There is a lot of talk these days about Massachusetts highways adding tolls to raise money to fund an expanding government. The discussion recently reached the level of smack talk with Massachusetts Secretary of Transportation Monica Tibbets-Nutt.

As my colleague Michael Rock recently reported, Tibbets-Nutt said, "We're basically going after anybody who has money." 


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Rock's report raised the possibility that Tibbets-Nutt might consider a toll on the new New Bedford-Fairhaven Bridge once it is built.

The idea sounds shocking, but there used to be a charge to cross the New Bedford-Fairhaven Bridge.

READ MORE: New Bedford-Fairhaven Bridge Construction Could Start in 2027

Fairhaven Tourism Director Chris Richard says, "The original New Bedford-Fairhaven Bridge which opened in 1802, was a toll bridge until 1870."

"I do not think it was considered unusual in those days to have to pay tolls. It was usually groups of private 'proprietors' who invested in the construction of bridges and roads and then made up their investment by charging people to use them," Richard said.

"Before the bridge was built, they had to pay passage across the river by ferry," he said. "That was simply the way of life back then."

The New Bedford-Fairhaven Bridge Was Once A Toll Bridge
Courtesy Spinner Publications

According to Richard, William Rotch, and other businessmen incorporated and got permission from the Massachusetts Legislature to build the bridge.

"It cost $25,000 initially but a couple of bad hurricanes did considerable damage resulting in costly repairs," he said.

Richard said an 1848 newspaper ad listed toll rates for the bridge as follows:

"Foot Passenger. - Each foot passenger, two cents, or one hundred tickets for $1. Each horse and rider, six cents or 25 tickets for $1.25. Each single horse, cart, wagon, chaise, sulky or sleigh, 120 cents a passage, or 25 tickets for $2.50. Each additional horse, four cents a passage. Each riding carriage with two horses, 20 cents a passage, or 25 tickets for $3.75. Each cart, wagon, or sled or other carriage of burthen, light or loaded, drawn by one horse or pair of oxen, 12½ cents. Each additional horse or pair of oxen, four cents."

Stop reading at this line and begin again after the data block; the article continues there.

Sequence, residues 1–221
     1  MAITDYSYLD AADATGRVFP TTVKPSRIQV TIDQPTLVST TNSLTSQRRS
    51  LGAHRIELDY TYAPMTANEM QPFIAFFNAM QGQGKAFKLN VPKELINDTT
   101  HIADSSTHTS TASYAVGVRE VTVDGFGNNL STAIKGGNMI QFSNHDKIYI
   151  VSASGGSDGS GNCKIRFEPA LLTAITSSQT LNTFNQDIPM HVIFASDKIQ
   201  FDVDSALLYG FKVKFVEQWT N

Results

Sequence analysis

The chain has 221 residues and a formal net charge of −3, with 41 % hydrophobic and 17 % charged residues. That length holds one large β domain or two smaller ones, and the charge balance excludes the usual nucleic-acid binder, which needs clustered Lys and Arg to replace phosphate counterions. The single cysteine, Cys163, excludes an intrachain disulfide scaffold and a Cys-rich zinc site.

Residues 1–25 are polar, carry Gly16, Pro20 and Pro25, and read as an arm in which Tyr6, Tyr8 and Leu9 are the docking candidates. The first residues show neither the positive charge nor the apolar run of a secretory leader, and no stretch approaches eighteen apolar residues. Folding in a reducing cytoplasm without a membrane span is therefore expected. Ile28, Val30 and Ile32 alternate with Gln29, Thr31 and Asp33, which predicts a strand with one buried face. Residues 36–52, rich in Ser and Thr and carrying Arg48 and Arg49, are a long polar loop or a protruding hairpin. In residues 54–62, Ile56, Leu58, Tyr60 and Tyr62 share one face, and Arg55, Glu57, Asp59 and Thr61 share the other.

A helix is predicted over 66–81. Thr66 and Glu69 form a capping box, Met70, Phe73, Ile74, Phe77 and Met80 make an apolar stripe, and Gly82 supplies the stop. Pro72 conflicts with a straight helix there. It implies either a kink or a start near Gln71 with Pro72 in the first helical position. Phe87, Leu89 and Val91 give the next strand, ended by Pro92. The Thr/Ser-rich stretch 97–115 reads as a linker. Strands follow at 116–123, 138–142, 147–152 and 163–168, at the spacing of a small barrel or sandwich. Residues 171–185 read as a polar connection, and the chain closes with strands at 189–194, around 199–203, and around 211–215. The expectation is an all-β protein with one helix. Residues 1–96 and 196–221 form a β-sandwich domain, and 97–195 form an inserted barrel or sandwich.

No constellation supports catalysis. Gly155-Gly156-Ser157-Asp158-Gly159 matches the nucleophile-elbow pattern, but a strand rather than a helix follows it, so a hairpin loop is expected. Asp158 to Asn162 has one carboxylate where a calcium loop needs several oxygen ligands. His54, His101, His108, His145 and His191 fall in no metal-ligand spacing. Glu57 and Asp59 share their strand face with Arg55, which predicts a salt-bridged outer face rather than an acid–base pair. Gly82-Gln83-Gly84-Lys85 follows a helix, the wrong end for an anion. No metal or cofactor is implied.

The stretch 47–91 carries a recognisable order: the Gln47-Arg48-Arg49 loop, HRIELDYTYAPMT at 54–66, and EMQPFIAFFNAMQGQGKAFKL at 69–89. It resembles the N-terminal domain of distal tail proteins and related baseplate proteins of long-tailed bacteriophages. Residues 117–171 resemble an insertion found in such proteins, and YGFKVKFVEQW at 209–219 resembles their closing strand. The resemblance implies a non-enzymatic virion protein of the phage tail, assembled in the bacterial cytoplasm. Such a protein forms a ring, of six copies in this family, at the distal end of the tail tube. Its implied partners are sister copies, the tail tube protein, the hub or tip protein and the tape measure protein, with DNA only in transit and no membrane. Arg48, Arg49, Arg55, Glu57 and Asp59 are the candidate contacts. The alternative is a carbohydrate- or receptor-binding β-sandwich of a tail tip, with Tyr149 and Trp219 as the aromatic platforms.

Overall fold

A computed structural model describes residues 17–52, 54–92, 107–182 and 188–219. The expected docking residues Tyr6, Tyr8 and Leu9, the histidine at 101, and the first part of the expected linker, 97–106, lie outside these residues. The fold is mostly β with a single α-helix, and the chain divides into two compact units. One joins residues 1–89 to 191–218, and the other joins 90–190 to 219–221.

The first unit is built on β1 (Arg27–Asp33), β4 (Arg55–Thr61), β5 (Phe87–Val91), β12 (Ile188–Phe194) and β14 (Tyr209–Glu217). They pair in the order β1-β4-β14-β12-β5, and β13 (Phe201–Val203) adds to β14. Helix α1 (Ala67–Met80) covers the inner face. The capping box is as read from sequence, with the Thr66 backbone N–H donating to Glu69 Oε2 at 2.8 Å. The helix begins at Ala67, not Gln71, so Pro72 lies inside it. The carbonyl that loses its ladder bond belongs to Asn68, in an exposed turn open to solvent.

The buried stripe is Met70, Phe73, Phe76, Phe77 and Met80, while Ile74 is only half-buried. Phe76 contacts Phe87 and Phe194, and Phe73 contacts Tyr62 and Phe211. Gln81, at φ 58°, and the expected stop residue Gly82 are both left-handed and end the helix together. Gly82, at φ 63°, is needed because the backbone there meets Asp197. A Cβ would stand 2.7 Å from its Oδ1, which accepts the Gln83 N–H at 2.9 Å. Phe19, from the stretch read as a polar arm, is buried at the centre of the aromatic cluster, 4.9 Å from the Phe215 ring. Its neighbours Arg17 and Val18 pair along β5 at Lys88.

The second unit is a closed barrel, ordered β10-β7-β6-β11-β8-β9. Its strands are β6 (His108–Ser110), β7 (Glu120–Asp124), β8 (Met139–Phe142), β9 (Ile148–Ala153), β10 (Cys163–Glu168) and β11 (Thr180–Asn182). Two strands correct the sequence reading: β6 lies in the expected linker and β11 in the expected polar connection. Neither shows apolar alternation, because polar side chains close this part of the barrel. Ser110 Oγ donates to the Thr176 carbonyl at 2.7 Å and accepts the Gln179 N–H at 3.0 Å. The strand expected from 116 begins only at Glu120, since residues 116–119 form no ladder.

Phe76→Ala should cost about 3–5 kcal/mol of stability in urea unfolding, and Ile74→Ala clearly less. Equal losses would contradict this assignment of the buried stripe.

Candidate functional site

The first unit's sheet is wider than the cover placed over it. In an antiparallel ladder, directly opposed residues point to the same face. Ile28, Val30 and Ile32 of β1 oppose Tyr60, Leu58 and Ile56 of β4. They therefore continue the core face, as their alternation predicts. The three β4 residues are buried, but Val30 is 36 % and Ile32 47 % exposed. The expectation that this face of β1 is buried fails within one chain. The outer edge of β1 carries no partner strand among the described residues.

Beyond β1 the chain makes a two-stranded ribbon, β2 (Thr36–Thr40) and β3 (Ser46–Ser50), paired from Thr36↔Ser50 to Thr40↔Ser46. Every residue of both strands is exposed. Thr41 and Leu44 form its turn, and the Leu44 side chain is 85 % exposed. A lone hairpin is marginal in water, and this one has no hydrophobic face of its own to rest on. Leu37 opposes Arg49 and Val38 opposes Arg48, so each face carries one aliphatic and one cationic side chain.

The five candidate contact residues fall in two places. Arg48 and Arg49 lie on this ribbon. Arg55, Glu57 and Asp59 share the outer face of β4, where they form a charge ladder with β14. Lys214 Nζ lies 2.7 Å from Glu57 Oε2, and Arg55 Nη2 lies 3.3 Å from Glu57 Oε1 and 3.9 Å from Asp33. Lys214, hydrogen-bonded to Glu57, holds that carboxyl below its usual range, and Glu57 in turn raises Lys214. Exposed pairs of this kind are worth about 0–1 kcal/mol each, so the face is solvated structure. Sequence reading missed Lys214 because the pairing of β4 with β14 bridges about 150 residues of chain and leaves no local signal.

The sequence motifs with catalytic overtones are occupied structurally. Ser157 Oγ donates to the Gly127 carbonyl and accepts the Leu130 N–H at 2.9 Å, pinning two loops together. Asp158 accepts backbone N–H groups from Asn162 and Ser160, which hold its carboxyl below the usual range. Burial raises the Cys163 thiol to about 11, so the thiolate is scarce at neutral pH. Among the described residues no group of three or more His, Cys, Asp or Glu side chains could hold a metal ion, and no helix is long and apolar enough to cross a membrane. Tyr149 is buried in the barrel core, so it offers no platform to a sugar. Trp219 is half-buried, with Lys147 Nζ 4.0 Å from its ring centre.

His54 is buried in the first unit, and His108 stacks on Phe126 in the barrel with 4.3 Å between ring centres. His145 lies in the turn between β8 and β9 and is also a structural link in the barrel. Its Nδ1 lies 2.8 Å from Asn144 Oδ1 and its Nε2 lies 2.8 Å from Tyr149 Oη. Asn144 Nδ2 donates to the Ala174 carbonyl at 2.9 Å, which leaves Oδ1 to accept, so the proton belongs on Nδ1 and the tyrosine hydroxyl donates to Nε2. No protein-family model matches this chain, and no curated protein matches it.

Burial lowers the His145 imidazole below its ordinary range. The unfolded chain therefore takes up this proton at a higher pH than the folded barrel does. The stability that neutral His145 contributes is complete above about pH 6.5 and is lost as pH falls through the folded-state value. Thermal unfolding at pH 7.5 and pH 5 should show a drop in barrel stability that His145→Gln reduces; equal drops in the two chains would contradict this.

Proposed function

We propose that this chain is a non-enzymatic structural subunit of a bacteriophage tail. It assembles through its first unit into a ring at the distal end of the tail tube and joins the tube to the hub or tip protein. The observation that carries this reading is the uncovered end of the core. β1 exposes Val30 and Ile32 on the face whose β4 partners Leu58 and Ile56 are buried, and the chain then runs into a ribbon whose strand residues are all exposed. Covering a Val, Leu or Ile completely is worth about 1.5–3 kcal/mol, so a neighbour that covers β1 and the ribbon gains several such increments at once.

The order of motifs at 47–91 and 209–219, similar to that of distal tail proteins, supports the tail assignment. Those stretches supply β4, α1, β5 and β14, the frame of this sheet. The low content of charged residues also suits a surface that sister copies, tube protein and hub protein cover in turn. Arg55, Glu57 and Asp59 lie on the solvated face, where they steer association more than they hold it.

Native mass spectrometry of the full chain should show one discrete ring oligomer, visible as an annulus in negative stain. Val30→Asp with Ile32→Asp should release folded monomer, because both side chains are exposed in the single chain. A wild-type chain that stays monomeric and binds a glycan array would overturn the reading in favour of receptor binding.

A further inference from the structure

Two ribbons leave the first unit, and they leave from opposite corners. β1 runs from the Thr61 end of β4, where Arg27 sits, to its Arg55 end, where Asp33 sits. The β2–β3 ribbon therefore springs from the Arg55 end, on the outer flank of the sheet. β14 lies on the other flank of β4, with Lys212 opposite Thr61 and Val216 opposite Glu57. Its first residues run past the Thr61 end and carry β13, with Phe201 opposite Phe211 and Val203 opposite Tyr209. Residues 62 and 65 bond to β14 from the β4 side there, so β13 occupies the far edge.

"After more than 60 years of paying tolls people did start to exert pressure to make it a free bridge," Richard said.

Eventually, the Massachusetts Legislature took over the span and did away with the toll.

"That happened in 1870, sixty-eight years after the bridge had been built," Richard said.

Hilarious Google Reviews of the New Bedford-Fairhaven Bridge

We've all been there. You think you've made it with a couple of minutes to spare, only to get caught at the red light as the bridge closes. Some of us turn around. Others wait. What most of us don't do, however, is take our anger to the internet — but apparently, several people have, and the results are both hilarious and relatable.

With an average rating of two stars on Google, our love-to-hate-it SouthCoast landmark proves that it's at least slow enough for those stuck waiting to grab their phones and pour out their feelings online. From glowing to glowering, here's what people have to say about the New Bedford-Fairhaven bridge.

Gallery Credit: Kate Robinson

Not-So-Rave Reviews for Fall River's Braga Bridge

Love it or hate, most drivers on the SouthCoast use it several times a week. Now some of them have taken to Google to review their experience on Fall River's Braga Bridge.

Gallery Credit: Nancy Hall

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